Monthly Archives: January 2017

Unity ≠ Group Think

The women’s march that recently occurred in conjunction with the inauguration, caused a lot of stir. Sound bites from the event are disturbing. ‘Victimization’ is defining the women’s movement and it is not very pretty.

Try matching our culture with that of the culture in which Deborah lived! Despite that culture’s view of women, Deborah rose up and became a great leader for God. Her type of leadership was not the same as what most people today think of when then think “leadership”. It was not “my way or the highway” for her. Nor did she did not stick her head in the sand to avoid the uncomfortable. Her power base was God and she led with a courageous heart walking outside the nine dots of the culture.

I was amazed recently when I heard a leader say that one of the people he had hired thought differently about something than he did. He added that he respected the other’s thoughts, experience, and judgment and that guy was the one he wanted in that job. Oh my, what happened to ‘groupthink’? What about unity?

I think I finally now understand what people are referring to when they talk about “the establishment”. Both parties in this country have an “establishment” wing that dominates the party. Ideology is groupthink! “Groupthink” is a dangerous human endeavor and it is seducing in that it captures people in a web of thinking and action that renders them fruitless. Sometimes we defer to groupthink for the sake of unity. We can’t have true unity unless the focus is on what is right. People need to talk about what is is right openly, honestly, and not hide or smother it. People also need to listen at the same time. Sensitivity, emotions, politicization, victim mentality and insecurity should not be allowed to dominate this process.

God designed the original man and woman and he thought it was very good. So why are there problems with gender issues? Not with God! Deborah is a great example of empowerment! Her leadership qualities originated from a love for and from God. Her style was not in calling the shots, but in rejoicing in God and carrying out his will. She knew a lot of people were involved in carrying out God’s will. God wanted people to flourish, Deborah imparted and facilitated that desire. She encouraged others to rise up and praised with great humility. Nowhere, whatsoever, did she lead from a victimization stance.  She pulled people up to their rightful position.


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Differences in Worldview

The increasing political polarity that has been occurring in our country today is so perplexing. For a land that has enjoyed great freedoms, this is inevitable. How each of us views life can be a source of conflict.

In the song of Deborah and Barak in the book of Judges, there are three different women mentioned: Deborah, Jael, and the mother of Sisera (the mother of the military commander of the army that fought against the Israelites). Two of these women are called mothers, Deborah and the mother of Sisera. These two have very different views of the world they live in.

Deborah, as a judge and prophetess, held court under the date palm tree which has been described as ‘flourishing’, ‘upright’ and as a symbol of victory. As a prophetess, Deborah’s view of the world in settling disputes was from God. She valued her people to the point of going to war over the oppression in which the Hebrews found themselves. She encouraged and planned and did not guess about the outcome.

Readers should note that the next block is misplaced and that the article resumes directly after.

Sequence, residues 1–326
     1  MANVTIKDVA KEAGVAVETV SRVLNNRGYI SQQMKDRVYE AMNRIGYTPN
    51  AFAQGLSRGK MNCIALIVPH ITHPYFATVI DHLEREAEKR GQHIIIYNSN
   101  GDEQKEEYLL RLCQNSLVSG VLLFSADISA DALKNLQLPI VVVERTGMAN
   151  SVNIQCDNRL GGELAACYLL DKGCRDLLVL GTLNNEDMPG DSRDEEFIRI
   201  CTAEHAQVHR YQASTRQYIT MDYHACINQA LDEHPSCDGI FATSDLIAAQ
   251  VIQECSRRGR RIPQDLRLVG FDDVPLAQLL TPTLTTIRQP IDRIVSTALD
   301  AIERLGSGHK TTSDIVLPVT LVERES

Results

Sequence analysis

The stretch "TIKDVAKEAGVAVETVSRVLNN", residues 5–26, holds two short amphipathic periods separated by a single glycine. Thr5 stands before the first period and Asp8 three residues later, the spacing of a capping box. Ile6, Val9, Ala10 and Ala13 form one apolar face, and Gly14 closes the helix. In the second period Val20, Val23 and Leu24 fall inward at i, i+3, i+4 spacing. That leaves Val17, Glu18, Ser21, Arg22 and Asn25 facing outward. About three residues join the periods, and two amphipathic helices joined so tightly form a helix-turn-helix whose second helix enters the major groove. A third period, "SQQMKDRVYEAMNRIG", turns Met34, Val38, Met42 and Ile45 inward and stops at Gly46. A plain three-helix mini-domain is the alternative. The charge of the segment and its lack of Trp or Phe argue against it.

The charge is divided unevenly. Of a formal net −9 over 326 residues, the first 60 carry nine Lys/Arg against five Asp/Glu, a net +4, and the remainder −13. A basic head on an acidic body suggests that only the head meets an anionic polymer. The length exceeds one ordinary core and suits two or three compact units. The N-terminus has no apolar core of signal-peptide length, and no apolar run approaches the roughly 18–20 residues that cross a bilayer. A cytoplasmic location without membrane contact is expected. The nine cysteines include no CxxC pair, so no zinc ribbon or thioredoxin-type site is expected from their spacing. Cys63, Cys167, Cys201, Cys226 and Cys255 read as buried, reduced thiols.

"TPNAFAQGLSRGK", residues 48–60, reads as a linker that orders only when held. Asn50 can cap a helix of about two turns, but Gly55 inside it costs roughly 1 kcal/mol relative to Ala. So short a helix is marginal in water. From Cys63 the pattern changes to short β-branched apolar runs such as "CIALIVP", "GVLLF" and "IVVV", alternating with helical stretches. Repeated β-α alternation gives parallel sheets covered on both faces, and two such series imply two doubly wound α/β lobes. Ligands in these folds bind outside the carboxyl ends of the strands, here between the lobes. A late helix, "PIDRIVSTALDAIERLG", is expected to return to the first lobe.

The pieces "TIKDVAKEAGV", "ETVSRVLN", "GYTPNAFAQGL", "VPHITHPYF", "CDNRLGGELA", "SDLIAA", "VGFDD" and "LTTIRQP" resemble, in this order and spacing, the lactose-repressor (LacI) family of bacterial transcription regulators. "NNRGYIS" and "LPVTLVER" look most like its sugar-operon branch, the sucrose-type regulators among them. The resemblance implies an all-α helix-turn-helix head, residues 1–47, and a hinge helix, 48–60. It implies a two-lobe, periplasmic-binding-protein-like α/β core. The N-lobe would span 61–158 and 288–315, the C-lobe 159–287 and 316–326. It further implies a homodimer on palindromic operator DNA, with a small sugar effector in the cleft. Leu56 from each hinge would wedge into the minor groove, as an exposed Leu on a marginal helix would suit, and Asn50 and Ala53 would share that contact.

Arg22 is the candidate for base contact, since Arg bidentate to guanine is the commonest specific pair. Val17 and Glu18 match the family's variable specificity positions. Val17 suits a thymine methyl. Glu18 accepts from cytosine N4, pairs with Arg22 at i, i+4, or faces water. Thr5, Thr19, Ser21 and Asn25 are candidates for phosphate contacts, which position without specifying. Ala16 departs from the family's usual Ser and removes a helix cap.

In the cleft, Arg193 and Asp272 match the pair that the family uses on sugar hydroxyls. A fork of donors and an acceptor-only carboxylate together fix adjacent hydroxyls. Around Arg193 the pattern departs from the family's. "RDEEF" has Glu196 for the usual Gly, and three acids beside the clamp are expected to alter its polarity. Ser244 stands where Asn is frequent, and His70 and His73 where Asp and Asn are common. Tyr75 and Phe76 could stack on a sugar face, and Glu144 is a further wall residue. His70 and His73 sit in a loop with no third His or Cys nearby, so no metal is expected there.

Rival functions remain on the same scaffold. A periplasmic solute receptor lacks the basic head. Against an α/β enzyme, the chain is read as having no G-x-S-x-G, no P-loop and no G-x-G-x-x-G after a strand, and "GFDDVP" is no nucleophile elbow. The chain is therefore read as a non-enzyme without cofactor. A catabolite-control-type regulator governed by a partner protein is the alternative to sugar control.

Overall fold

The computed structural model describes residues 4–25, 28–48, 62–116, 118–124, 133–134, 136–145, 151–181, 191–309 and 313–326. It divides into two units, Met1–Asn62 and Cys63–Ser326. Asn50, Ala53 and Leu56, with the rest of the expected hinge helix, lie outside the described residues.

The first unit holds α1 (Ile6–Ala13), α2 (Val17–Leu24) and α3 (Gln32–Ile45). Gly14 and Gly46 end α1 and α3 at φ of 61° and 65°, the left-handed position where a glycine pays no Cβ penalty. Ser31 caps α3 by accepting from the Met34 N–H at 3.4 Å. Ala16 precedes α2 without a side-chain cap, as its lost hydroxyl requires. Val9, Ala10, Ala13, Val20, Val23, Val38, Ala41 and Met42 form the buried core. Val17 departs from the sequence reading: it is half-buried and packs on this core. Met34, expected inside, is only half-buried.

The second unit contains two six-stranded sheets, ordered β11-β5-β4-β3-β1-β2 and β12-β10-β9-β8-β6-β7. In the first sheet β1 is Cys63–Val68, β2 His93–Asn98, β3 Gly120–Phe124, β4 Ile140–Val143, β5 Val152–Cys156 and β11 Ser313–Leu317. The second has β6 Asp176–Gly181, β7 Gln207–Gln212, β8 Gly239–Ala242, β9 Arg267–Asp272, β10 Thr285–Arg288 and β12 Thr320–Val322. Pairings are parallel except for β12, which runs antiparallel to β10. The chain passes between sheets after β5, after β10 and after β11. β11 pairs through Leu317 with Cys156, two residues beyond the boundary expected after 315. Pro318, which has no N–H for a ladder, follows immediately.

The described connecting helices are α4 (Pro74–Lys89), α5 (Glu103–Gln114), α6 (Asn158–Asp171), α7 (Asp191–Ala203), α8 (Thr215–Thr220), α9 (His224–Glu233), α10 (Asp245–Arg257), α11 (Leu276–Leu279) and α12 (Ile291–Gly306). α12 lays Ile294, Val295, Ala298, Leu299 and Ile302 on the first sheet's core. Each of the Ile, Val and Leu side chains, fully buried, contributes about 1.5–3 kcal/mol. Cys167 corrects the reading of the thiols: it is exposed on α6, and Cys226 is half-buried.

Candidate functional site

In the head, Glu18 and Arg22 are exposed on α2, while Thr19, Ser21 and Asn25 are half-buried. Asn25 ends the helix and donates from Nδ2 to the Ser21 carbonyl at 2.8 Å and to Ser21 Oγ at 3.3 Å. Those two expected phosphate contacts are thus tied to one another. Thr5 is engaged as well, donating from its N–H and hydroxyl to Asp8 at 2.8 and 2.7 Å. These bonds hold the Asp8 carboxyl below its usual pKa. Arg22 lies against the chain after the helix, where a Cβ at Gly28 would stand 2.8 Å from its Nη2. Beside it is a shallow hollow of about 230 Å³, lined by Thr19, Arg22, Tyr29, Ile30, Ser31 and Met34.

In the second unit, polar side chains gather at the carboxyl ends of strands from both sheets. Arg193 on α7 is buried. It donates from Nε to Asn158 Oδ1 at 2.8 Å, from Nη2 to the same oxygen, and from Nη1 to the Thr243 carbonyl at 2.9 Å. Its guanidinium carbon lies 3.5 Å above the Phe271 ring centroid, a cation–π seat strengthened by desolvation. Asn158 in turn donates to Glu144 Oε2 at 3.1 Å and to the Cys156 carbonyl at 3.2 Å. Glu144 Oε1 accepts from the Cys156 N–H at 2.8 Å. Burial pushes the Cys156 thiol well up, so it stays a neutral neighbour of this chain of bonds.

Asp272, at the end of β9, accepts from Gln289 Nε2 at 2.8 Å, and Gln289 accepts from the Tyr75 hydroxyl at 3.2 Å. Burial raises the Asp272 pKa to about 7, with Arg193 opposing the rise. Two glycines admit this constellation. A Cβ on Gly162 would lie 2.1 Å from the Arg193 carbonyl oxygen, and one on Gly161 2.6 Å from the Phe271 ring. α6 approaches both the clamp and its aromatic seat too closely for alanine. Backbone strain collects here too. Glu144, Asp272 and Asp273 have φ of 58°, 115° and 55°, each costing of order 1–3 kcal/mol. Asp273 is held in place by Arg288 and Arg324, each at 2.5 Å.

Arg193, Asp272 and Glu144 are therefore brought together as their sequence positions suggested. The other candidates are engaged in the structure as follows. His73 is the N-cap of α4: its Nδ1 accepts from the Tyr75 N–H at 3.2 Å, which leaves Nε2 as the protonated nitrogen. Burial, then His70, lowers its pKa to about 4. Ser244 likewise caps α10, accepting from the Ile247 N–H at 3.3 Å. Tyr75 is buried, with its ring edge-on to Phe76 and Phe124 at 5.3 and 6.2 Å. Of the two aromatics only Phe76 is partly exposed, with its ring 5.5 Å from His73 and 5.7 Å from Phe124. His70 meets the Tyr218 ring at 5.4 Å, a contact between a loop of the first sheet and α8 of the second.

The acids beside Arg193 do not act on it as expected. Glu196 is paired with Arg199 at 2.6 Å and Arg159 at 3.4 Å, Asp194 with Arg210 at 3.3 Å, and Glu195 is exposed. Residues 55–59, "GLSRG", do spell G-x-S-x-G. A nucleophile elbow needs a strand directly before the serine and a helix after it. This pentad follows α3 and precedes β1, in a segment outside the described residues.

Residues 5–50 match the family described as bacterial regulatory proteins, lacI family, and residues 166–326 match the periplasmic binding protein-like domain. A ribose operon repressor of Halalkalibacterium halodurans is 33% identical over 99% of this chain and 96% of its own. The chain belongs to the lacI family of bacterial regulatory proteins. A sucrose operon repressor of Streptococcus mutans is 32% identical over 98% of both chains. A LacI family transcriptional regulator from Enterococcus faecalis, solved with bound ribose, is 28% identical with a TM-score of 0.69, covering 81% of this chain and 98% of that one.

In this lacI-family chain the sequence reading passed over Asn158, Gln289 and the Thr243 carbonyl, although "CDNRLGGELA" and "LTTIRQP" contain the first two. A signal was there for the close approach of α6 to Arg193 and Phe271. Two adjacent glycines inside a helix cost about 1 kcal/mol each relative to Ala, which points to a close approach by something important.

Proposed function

The other mother mentioned, Sisera’s mother, was of a different ‘worldview’. We don’t know her name, but she is described as standing at the window looking for and bewailing the fact that her son had not returned from war. Her attendants discussed it but she said:

29 Her wise ladies answered her, yea, she returned answer to herself, 30 Have they not sped? have they not divided the prey; to every man a damsel or two; to Sisera a prey of divers colours, a prey of divers colours of needlework, of divers colours of needlework on both sides, meet for the necks of them that take the spoil? Judges 5:29-30

Dividing prey? To every man a damsel or two? A prey of diverse colors, diverse colors of needlework? Spoil? She had uncertainty and see what was in her thinking.

Jael was not a Hebrew and the record says that she and her husband were at peace with Jabin, the oppressive enemy. The tent Sisera entered into was Jael’s tent. A man caught in a woman’s tent fell under the death penalty. Part of the oppression to the Hebrews as pointed out in verse 29 above, was was the exploitation of women. Jael had a different point of view but she was a part of the deliverance and Deborah called her “blessed above women” twice in Judges 5:24. (Interesting- Cp Luke 1:28,41-42).

No human being has a right to oppress another for their own gain. Women are to be treated with respect and dignity as exemplified in Deborah. This is God’s heart. This is God’s will. Women were treated very poorly in the Canaanite culture and in other cultures (even the Hebrew culture at times), but when people have the right vision from God, all lives matter.

Oppression occurs when things go awry. Gain, power, and control become focal points. If it is allowed to continue it grows. Oppression does not go away on its own. If we find ourselves in such situations, the only true way out of it is God’s path and God’s revelation.